The Philippines alleged yesterday that a Chinese vessel accidentally collided with a local fishing boat north of a disputed South China Sea shoal, killing one and leaving four others missing.
The fishing boat set out from the northern coastal town of Bolinao, in Pangasinan Province, on Monday last week and was reported to have sunk two days later, Office of Civil Defense boss Benito Ramos said.
“Of the eight fishermen aboard, four were plucked out of sea only yesterday, but one of them died in a hospital,” Ramos said. “Four more are still missing.”
The rescued fishermen told authorities they believed the vessel which collided with their boat was Chinese, Ramos said, though this could not be independently verified.
Chinese embassy officials were not available for comment yesterday.
Ramos said the alleged incident occurred north of Scarborough Shoal where the Philippines and China have been engaged in a tense stand off since April.
“It’s north of the Scarborough, though we could not determine how far in terms of distance or nautical miles,” he said.
The Scarborough Shoal is known as Huangyan Island (黃岩島) in Taiwan, which also lays claim to it.
Philippines President President Benigno Aquino III earlier this month ordered two Philippine ships to pull out from the shoal during bad weather, a move that the Chinese said calmed tensions in the area.
While China said it would also ask its fishermen to leave the area, it stressed it had no intention of pulling out its bigger ships from there.
As of last week, there were still seven Chinese ships at the shoal, according to the Philippines foreign ministry.
The dispute began in April after Chinese government vessels blocked Philippine ships from arresting Chinese fishermen near the shoal.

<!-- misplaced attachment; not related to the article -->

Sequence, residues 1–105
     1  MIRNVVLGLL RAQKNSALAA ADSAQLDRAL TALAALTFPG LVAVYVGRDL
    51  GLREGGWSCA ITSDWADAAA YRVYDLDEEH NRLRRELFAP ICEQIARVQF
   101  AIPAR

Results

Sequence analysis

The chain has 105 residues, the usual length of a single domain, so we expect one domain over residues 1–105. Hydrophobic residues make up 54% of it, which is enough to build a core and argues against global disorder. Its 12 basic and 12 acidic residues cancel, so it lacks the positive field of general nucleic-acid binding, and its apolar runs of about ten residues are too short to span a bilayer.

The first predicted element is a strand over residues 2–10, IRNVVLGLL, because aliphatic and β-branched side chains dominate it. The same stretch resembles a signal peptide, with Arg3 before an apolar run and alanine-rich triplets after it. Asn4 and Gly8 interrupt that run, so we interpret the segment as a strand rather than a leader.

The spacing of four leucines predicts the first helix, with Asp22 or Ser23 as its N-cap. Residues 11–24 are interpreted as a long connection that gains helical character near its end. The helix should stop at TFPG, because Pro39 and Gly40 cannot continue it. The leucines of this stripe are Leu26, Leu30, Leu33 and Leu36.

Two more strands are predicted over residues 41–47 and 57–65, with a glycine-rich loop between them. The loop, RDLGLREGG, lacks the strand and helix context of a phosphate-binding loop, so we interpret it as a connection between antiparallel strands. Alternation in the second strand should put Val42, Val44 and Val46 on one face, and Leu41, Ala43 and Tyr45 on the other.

Since then, both countries have maintained ships there to press their respective claims to the area.
China claims nearly all of the South China Sea, even waters close to the coasts of neighboring countries. The Philippines says the shoal is well within its 200-nautical-mile (370km) exclusive economic zone.
The shoal sits about 230km from the Philippines’ main island of Luzon. The nearest major Chinese landmass is 1,200km northwest of the shoal, according to Philippine navy maps.
Meanwhile, a Philippine official said he has opened a small kindergarten on another South China Sea island that is also claimed by five other countries.
Mayor Eugenio Bito-onon said yesterday that his aim was to help the 37-hectare island’s civilian community and not to antagonize rival claimant countries. The school was inaugurated without fanfare on June 15 with five students, their parents and a teacher. A Philippine flag fluttered in the breeze in the schoolyard.
The Philippines calls the island Pag-asa — or “hope” in Tagalog. It is guarded by Filipino troops.
It is part of the Spratlys archipelago (南沙群島), which is also claimed by Taiwan, China, Brunei, Malaysia and Vietnam.